In an August 2017 interview with PinkBike, Frischknecht said the issue was much larger than Rissveds and POC, explaining that the industry supports trade teams first and foremost, and that bowing to sponsorship demands of national federations would only create a colossal mess for everyone.

“The sport as it exists right now works by the industry paying for the whole sport,” Frischknecht said. “It’s Scott, it’s SRAM, it’s Specialized, Trek, you name it. We are supporting cross country racing by putting the budgets together to send trade teams and athletes to World Cup races, and then the most important races, such as World Championships and the Olympics. For example, maybe Nino has to ride a Specialized bike because Swiss Cycling signed a deal with Specialized that requires all Swiss athletes that compete at the Olympics to ride a Specialized bike. So if we agree to Jenny riding in a POC helmet, it would be the beginning of the end. It could then continue to become a much larger problem.”

Frischknecht also pointed the finger squarely at one individual — Swedish Cycling marketing manager Anders Bromee.

“It’s actually not correct to talk bad of Swedish Cycling in general, it is basically only one person, Swedish Cycling marketing manager Anders Bromee, who has been terrorising Jenny for more than a year now,” Frischknecht said. “This has become a big, big issue so at this point, she would not feel comfortable to travel to [the 2017 world championships] with a team where everybody hates each other because of what happened. Right now she has zero trust and respect for Swedish Cycling. She does not feel she has been treated well enough to see how, in these circumstances, it would result in a good performance for her.”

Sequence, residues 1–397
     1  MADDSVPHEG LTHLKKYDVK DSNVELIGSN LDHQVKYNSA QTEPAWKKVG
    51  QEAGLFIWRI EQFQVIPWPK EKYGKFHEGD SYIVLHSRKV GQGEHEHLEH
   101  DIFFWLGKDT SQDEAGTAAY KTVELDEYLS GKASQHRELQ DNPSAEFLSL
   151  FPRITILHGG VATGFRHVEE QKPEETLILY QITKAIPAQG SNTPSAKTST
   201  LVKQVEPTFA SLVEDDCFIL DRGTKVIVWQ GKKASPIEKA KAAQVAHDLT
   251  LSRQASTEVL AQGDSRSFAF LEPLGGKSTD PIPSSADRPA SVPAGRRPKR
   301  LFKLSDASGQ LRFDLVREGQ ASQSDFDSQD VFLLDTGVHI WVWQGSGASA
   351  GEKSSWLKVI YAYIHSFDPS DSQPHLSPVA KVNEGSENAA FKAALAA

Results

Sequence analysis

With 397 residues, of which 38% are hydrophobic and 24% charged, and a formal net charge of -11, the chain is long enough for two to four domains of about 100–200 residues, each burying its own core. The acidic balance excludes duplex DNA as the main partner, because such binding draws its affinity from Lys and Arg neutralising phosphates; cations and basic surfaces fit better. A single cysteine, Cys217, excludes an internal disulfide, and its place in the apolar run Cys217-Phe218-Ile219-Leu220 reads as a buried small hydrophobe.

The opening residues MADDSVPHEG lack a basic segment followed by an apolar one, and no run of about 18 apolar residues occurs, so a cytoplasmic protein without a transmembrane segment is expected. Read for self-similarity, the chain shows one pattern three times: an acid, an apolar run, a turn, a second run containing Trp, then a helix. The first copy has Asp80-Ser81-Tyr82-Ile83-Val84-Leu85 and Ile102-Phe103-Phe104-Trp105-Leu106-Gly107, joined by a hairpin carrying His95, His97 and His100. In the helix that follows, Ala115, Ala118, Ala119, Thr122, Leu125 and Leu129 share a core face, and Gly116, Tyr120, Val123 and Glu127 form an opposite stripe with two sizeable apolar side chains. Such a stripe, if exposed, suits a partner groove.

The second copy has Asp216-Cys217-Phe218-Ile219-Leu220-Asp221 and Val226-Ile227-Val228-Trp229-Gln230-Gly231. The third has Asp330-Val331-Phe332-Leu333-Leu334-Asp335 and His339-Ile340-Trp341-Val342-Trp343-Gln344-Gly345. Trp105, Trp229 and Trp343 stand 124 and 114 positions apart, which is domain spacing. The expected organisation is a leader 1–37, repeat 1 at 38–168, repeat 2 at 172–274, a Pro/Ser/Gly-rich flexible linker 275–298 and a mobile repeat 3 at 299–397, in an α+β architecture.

In the team statement issued Thursday, Rissveds thanked her former team and said she hopes to return to racing.

“I am very thankful for the years I have had with Thomas and the Scott-SRAM team,” she said. “They have provided me with unique and vital support. Without Thomas and the team, I would have never done what I have been able to do on the bike over the last few years. I also want to thank Scott Sports for their unwavering support and belief in me, especially throughout the last year. I would love to stay a part of the team, but to be part of a team you need to contribute and unfortunately, I am simply not able to do so at the moment. It hasn’t been an easy decision, but I am convinced this is for the best for all parties involved and that this will provide me with the best conditions for coming back, better and stronger than ever.”

Frischknecht — who won the 2017 Cape Epic mixed category with Rissveds as a teammate — said that he believes Rissveds can recover from this setback, and that he hopes it’s again with his team.

“The whole mountain bike scene and in particular the Scott-SRAM Team is tremendously sad about what has happened to Jenny,” he said. “In order to get healthy again and to be free of any kind of obligations I not only respect Jenny’s decision, I believe it is the best way for Jenny to find her way back to a balanced life. I truly believe she will be back at some point and I hope that we can help her on her journey. Our team’s door will always be wide open for Jenny to come back whenever she wants to.”